The French army has taken up positions on a ridge directly in the path of the British advance. Ahead of your position they have occupied the village of Villar Formoso and set up an artillery battery on the edge of the village. If it is brought into action this battery will command the entire flank of the British assault on the ridge.
Your orders are to take part of the light company of the North Essex and seize the French battery at dawn in a coup de main thus allowing the main British assault on the ridge to proceed.
Captain Richard Blunte, Status III
A jolly good chap an average stamp but no looker. He has never done anyone harm and started life as an urchin from the Orphanage. He is a fair hand with a sword but a novice in the saddle. An honourable and lion hearted man he is nevertheless somewhat lecherous and know as a ladies man.
Lieutenant Harry Pryce-Waterhouse, Status II
Sergeants Smith and Jones, both Status I
Forty men of the light company who are good troops
Sergeant O'Leary, Status II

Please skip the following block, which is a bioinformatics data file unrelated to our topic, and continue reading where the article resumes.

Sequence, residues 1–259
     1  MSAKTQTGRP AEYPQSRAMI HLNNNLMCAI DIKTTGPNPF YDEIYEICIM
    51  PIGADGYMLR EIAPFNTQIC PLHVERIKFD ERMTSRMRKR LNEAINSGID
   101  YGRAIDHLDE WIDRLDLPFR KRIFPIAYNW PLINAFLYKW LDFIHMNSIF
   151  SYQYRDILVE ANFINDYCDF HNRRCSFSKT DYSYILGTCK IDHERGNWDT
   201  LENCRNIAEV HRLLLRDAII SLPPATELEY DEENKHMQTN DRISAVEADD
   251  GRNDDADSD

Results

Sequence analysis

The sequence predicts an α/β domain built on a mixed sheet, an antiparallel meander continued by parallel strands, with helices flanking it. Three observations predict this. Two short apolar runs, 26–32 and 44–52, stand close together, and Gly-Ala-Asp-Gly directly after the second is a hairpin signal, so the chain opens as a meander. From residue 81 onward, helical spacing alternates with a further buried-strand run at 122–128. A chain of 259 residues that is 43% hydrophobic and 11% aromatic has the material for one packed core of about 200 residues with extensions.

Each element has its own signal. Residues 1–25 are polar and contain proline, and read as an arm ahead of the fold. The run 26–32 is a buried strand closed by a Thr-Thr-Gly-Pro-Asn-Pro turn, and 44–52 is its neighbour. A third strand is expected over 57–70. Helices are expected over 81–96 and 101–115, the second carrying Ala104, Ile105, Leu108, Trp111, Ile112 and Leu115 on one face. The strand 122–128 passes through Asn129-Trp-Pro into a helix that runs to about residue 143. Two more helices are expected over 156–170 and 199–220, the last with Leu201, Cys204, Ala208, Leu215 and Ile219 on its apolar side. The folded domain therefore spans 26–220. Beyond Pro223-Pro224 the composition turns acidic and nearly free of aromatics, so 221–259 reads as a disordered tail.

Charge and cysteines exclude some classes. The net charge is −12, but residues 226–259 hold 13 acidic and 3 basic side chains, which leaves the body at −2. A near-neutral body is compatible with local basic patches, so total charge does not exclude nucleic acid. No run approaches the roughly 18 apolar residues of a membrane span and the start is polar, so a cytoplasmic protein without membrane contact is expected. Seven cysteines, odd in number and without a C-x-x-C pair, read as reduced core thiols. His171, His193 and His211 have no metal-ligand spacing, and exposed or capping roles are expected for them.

Ten riflemen who are good troops and include two Chosen Men
The British assaulted the ridge at dawn but the French sentries managed to spot the riflemen as they started to cross the river at the base of the ridge. fortunately the redcoats fared better and managed to get somewhat closer to the French position before being spotted.
The French took some time to respond to the alarm and Blunte seized the initiative taking on one French group whilst they were still in their billet. The French artillery crews initially rushed out of their billet but quickly had second thoughts as their comrades came under volley fire.
An assault on the the building with the first French group caused several casualties and forced them to withdraw pursued by the British.
The remaining British troops under Lieutenant Pryce-Waterhouse discovered the French Captain Camembert ensconced in the church and immediately attacked. After an initial firefight the British assaulted the French position and eventually pushed the French out of the church; however, after a couple of counterattacks the French recaptured it but suffered heavy casualties in the process.
In the meantime the French artillery crews had regained their nerve and tried to reach their guns but came under heavy fire and were forced to withdraw.
Captain Camembert decided it was time to drive the British from the ridge. He regrouped his men and made a last ditch charge. The attack started well but under the coordinated fire from the various British groups it faltered and the day went to Blunte and his men.